So you are ready to transplant your first tree and move it to a new location! What can you expect in relocating the tree? How do you prepare to move a tree? Here are some of our best tips to so you can know how to move a tree.
The Day Before:
Just like preparing for a blood donation, you should make sure your tree is well hydrated before the move. This will make sure it is in tip top shape, as well as lubricate the soil to aid in the digging of the hole. Using a wand or sprayer, you’ll want to put around 50-100 gallons of water down on and around the tree. Your goal is to hydrate the soil down to about 5 feet (more for larger trees), without flooding the surrounding ground which may get the spading truck stuck.
You’ll also want to hydrate hte receiving desitination. Again, this is to make the digging process easier as well as keep the surrounding soil moist for the trees roots in the new location.
Ideally, you’ll want to run your hose with a sprinkler head around the tree for at least 20 minutes the day before.
Be sure that the site around the tree is flat and level, any surrounding fences, retaining walls, or other hazards are moved to allow for a minimum 6-8 feet radius around the tree to be clear for the spade to ‘bear hug/ around the tree for the dig.
The Day Of:
When moving a tree, typically we will first dig the recieving hole where the tree will end up. This ‘plug’ of dirt can be put into a pod for later use (typically this extra equipment may add to cost), or in some cases will just be dropped next to the tree, to be pushed in with a loader later by the customer or your onsite excavators. Keep in mind, this plug of dirt can be 4-12,000 pounds or more and it is recommended you use the right equipment to put it back in the hole if necessary.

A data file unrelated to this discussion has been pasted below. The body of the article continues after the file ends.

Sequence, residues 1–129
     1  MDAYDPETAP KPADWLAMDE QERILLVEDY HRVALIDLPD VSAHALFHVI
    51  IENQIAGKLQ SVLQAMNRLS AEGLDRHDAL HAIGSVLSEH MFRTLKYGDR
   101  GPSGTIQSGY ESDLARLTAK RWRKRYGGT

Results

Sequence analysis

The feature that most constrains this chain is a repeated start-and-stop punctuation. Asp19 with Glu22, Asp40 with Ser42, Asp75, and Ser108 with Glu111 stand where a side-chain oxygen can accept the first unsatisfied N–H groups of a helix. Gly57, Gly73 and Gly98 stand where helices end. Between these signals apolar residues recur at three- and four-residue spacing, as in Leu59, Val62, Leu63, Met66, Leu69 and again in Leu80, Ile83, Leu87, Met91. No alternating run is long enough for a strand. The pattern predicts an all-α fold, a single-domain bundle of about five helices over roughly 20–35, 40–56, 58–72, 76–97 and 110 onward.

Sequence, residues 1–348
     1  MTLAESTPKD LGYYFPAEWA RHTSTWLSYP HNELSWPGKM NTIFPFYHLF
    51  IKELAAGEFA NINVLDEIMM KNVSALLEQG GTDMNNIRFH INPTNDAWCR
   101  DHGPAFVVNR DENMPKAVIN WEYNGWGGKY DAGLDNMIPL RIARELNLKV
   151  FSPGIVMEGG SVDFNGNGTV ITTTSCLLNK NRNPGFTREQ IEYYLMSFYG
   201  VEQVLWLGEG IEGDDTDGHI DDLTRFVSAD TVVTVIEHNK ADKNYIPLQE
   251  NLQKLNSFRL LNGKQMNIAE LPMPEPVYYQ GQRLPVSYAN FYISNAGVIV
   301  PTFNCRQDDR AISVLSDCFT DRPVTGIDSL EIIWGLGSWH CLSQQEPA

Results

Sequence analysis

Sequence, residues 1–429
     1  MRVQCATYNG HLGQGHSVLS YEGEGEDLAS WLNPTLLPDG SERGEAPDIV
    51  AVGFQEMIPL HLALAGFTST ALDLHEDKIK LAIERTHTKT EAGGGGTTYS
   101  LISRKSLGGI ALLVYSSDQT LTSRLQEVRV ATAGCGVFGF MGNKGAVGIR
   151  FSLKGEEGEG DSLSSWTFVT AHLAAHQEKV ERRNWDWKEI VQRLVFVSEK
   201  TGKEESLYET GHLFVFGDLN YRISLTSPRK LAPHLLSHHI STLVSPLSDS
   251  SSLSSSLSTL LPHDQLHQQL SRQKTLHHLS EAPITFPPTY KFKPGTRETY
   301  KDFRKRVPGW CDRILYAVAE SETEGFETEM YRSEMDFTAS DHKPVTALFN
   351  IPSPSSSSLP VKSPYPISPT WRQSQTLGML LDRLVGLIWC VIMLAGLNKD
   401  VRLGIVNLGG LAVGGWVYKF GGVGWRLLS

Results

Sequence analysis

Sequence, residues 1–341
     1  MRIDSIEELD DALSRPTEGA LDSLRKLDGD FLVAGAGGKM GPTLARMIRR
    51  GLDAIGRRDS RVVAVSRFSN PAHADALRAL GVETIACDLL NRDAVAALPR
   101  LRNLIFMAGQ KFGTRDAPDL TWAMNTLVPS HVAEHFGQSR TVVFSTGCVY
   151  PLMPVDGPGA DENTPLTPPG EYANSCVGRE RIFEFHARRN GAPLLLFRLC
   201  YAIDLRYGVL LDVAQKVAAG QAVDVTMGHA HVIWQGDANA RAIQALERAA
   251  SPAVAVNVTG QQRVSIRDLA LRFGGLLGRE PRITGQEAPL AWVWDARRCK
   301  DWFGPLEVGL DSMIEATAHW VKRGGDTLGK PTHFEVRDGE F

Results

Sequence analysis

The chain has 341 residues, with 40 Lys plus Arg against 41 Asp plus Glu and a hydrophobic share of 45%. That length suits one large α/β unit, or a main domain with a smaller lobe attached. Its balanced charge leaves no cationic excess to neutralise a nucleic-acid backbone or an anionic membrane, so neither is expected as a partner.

Be available and onsite to facilitate our operators for access and any clarifications that may be necessary. Further, they can provide you tips on tree care and aftercare.
Once the tree is moved to it’s new location, we’ll dump about 100 gallons of water in the hole as we set it in the ground to make sure it stays well hydraded, and is compacted firmly in the ground.
We recommend that trees be staked into the ground at aleastfour points for the first year to prevent it from blowing over in extreme winds. After about a year, the trees stabalizing roots will grow into the native soil and begin to keep the tree standing.
Post Move Care:
While many trees naturally grow without irrigation or drip lines, after they are moved, we recommend regular watering to help ensure the tree stays hydrated and to facilitate the rapid growth of new roots. Additional tree spraying or fertalizing can be beneficial but is not required for trees to survive the move.
See more Post Move Care for your tree See more Post Move Care for your tree here
Questions? Call us today!
Transplanting, moving, removal and reloaction – what we do best! If you have a question about your project, as us today!